Since last September, the Sunday morning Adult Forum group has wrestled with the spiritual progression laid out by St. Paul in the fifth chapter of his Letter to the Romans: “suffering produces endurance, and endurance produces character, and character produces hope, and hope does not disappoint.”
We veer off this path readily, and often. Suffering – adversity, disappointment, failure – often feels like an existential threat. Life as we know it is at stake, and our default responses take charge. From hunkering down to lashing out, from paralysis to frenetic activity, default responses have a strong hold on us because deep down, we believe they are necessary to our survival.
We sometimes call these “survival instincts”, yet they lead not to life but to death. They produce a deceptive belief in our own power to fend off adversity, to keep the world at bay: false hope which, unlike the genuine article, disappoints.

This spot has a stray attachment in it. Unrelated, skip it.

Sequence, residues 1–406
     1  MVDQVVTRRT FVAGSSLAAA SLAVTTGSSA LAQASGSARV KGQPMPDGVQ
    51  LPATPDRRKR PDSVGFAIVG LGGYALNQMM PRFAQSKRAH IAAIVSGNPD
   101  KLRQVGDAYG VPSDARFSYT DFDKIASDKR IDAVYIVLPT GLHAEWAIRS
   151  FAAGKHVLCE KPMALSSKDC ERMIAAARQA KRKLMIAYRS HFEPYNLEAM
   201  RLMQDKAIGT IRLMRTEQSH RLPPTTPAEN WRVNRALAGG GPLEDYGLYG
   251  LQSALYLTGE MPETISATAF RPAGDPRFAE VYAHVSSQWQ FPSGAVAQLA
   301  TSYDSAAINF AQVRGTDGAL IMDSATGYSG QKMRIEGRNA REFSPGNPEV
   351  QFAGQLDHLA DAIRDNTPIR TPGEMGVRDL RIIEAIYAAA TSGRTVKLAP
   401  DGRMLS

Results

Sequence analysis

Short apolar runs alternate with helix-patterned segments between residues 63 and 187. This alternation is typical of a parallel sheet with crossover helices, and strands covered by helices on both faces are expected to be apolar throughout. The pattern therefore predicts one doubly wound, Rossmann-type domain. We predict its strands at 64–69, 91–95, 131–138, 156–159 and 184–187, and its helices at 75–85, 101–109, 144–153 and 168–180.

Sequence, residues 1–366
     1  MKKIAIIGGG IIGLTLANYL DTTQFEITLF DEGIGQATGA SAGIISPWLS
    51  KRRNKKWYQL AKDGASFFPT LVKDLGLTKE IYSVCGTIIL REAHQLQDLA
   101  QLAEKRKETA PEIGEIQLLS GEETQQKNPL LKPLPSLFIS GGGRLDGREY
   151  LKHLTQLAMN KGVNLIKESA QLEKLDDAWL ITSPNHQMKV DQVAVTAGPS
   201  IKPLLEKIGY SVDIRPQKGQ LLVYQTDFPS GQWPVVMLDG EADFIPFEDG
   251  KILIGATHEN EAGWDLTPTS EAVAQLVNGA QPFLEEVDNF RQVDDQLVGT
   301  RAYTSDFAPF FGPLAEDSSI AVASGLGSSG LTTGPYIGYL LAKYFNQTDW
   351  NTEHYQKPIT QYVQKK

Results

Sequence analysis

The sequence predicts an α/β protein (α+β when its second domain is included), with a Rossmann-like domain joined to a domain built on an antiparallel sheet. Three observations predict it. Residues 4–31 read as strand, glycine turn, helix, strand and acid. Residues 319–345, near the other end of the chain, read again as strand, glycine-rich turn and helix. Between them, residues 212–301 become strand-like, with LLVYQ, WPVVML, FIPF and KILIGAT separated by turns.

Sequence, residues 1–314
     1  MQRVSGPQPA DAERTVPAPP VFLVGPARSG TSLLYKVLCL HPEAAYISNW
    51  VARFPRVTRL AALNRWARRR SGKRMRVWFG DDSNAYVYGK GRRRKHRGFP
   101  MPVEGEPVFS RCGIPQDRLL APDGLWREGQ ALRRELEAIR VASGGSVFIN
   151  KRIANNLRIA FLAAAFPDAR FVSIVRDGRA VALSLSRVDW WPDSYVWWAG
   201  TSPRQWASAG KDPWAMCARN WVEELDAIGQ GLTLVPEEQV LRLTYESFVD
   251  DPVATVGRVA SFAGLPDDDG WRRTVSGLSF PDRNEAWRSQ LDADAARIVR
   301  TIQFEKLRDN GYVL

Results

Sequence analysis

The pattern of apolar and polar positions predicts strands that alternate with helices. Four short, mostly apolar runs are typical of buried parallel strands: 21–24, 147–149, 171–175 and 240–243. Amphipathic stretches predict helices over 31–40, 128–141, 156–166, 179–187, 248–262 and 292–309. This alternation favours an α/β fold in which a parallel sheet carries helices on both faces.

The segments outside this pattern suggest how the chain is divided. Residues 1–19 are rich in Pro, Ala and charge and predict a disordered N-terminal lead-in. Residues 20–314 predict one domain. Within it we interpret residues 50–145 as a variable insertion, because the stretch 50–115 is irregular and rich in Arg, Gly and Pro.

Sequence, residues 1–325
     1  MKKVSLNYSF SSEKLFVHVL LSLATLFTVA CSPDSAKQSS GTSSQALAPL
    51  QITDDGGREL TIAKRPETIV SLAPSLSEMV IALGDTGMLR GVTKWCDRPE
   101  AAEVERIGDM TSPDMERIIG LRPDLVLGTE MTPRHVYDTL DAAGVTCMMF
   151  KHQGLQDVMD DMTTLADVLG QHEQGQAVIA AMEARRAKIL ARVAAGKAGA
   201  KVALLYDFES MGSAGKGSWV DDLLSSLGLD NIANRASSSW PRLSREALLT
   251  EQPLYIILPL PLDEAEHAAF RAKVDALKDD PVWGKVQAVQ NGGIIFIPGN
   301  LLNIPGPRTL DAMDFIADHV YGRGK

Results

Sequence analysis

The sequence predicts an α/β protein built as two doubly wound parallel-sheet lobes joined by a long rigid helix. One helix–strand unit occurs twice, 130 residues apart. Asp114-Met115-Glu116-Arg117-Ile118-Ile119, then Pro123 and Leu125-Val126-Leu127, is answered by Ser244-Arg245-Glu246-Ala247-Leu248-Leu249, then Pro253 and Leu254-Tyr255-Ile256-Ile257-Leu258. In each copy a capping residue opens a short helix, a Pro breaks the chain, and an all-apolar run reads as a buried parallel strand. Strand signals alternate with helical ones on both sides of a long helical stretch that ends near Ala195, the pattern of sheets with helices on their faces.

The little rewards we give ourselves for getting through the day – sweets, alcohol, permission to indulge in a little gossip – represent, in a kind of sacramental way, the full array of survival instincts which hold us in their grip and give us false. hope. Lenten fasting, giving up one of these indulgences for the forty days, can arm us for a greater struggle, to let go of the default responses to suffering which keep real hope out of reach. The alternative to default responses is “endurance”, the second step of Paul’s progression and the subject of next week’s Reflection.
[Note: I hope to have more to say on Paul’s path to hope in a series of sermons for Lent and Easter.]